I hope the Chancellor will resist this Clause. I do not think these are the times for undue, or, shall I say, continued, preference to those who merely invest their spare cash in the mining industry. I might not object to this Clause if, from the Benches opposite, there were shown for the miners one-thousandth part of the concern which is invariably shown for those who have merely invested some of their money in the industry. The usual emphasis has been placed upon the fact that the mining industry is a wasting asset. It is very much indeed a wasting asset, and a great deal of the waste is due to irresponsible wastrelism on the part of those who are responsible for the mines. This Clause asks that, in addition to profits being returned on investments in the mining industry, the capital shall also be returned to the investors. Those who are engaged in the industry have at last come to understand the profound partiality which is shown to those who merely have their money invested in the industry, while so very little regard is shown for those whose whole lives are involved. When we talk of coal being a wasting asset, let us remember that if a colliery closes down, the district which depends on that colliery becomes derelict. There is no talk about the wasting assets of the homes of those engaged in the industry, in which their whole lives' savings may be sunk. This Clause raises the old historical issue of partiality, and I hope that, in view of the present situation, the Chancellor will have no hesitation in rejecting it.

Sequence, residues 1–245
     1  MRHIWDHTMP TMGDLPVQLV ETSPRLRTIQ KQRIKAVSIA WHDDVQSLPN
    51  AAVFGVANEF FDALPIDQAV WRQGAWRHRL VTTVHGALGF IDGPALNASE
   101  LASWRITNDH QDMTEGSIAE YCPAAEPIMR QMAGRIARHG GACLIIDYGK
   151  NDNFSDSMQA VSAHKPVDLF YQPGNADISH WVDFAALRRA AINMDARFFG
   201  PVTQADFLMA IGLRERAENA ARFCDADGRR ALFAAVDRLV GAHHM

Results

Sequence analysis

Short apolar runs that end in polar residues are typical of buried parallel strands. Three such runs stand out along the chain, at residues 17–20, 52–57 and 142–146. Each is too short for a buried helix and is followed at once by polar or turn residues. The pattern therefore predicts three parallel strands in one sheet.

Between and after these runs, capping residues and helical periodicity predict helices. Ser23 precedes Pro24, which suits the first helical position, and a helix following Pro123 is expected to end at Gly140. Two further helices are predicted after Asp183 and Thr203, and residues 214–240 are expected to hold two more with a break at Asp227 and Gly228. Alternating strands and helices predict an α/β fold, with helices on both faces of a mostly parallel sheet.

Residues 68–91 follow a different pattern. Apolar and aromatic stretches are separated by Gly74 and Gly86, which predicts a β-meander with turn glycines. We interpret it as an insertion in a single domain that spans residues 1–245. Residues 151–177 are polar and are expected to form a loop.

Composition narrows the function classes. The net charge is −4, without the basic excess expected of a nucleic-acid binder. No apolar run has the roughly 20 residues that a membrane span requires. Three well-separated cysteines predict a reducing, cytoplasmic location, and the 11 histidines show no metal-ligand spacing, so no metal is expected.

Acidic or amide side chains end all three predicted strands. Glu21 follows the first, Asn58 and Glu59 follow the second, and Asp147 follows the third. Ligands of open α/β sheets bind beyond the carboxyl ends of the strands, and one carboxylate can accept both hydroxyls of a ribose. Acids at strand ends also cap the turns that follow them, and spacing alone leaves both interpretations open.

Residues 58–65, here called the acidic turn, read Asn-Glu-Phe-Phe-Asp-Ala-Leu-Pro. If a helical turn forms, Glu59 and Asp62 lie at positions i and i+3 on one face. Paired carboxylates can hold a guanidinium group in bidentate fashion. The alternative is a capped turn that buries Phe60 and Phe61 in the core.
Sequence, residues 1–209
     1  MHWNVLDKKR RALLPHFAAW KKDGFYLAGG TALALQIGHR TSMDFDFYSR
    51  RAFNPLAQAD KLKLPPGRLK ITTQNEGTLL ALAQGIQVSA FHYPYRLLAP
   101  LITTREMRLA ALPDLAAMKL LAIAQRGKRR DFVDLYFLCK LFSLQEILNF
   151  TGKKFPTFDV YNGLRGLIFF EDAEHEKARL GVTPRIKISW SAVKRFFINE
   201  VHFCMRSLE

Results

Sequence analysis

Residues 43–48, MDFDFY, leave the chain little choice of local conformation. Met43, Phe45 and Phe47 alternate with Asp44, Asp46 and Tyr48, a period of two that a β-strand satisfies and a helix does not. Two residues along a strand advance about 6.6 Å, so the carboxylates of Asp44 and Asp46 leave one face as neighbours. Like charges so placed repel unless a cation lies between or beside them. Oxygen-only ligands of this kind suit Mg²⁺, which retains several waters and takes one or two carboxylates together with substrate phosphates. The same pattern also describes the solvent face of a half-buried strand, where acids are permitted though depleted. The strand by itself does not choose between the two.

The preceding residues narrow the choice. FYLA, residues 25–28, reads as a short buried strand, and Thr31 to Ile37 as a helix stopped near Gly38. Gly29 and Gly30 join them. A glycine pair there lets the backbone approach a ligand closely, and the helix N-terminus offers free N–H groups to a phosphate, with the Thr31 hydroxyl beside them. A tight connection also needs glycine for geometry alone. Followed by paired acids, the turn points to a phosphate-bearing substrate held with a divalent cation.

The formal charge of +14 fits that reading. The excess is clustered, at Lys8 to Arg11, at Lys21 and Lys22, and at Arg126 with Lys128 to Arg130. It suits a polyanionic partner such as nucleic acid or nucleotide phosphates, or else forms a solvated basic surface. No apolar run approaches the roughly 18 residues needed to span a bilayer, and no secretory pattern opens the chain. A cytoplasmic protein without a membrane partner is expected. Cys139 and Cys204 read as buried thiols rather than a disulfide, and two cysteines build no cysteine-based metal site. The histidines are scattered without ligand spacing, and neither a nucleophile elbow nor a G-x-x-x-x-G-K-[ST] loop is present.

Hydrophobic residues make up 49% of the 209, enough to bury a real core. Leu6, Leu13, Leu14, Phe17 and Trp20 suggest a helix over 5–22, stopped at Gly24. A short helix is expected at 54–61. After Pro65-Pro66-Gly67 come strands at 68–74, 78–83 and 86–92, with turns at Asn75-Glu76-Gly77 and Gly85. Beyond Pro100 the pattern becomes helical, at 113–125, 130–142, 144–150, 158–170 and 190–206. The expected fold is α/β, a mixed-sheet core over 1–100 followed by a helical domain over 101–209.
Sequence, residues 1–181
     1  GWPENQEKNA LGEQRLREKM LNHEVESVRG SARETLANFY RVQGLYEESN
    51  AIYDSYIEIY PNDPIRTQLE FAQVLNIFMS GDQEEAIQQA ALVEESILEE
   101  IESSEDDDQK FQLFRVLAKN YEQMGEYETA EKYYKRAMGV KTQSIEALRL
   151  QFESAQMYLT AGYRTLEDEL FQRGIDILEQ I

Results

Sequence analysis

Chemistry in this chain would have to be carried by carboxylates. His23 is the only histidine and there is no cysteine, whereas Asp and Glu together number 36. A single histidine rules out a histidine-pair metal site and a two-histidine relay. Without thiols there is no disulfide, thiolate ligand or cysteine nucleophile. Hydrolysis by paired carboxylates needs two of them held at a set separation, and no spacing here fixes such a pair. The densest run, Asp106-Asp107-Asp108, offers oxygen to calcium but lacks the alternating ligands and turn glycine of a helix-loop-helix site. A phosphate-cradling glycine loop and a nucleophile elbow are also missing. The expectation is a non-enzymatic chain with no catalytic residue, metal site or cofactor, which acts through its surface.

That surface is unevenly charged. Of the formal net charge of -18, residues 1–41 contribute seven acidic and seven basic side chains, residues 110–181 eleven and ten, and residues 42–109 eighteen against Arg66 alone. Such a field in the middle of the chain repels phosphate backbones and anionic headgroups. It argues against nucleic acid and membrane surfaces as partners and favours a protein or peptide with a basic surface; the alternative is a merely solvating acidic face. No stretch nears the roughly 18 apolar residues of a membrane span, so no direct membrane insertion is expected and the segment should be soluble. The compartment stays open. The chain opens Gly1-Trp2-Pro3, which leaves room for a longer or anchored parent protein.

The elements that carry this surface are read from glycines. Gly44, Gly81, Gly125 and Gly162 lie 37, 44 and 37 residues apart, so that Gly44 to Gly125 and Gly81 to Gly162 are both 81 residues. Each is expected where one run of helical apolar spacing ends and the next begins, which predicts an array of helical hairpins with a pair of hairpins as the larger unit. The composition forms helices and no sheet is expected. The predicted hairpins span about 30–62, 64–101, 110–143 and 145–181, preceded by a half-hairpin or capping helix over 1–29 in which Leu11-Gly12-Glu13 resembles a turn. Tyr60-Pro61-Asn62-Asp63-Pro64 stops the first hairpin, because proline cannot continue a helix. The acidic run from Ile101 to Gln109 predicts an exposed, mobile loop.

I think my hon. Friend has mistaken the day. It is on the next Sitting Day that we are having the Debate on coal. Therefore, I do not propose to address my remarks particularly to—
Of course, we have heard my hon. Friend make those statements before. I would congratulate my hon. Friend the Member for West Lewisham (Mr. Brooke) on the Clause. This is the third attempt he has made to bring this matter before the House, and he is fortunate to have been able to put down a Clause which can now be discussed. I would also congratulate my hon. and learned Friend the Member for Ashford (Mr. Spens). Very wisely, he avoided referring to the terms of the Clause itself, contenting himself with addressing the House in general terms. I recognise that my hon. Friend has put forward a serious case. In connection with this and with other matters relating to E.P.T., there arise very difficult and hard cases. Many of them arise inevitably from the fact that we have increased E.P.T. to 100 per cent. We took that step largely on national grounds, and because of the necessity, as the Government thought, of taking such a course at that time, accompanied as it was by other steps which affected other sections of the community. My hon. Friend's proposal briefly stated is this: He desires, in the special cases that he has mentioned, where we are dealing with
the getting of minerals or oil from any mine, oil well or similar natural source of a wasting nature",
the trade may be granted by the Board of Referees an increase in the standard. The increase may be made, as my hon. Friend opposite has stated, where the Board of Referees are satisfied that the date by which the source is likely to be exhausted is such that
the standard profits are insufficient to allow for the amortisation of the expenditure of a capital nature incurred in the establishment of the trade or business and to leave to the persons carrying it on a reasonable profit.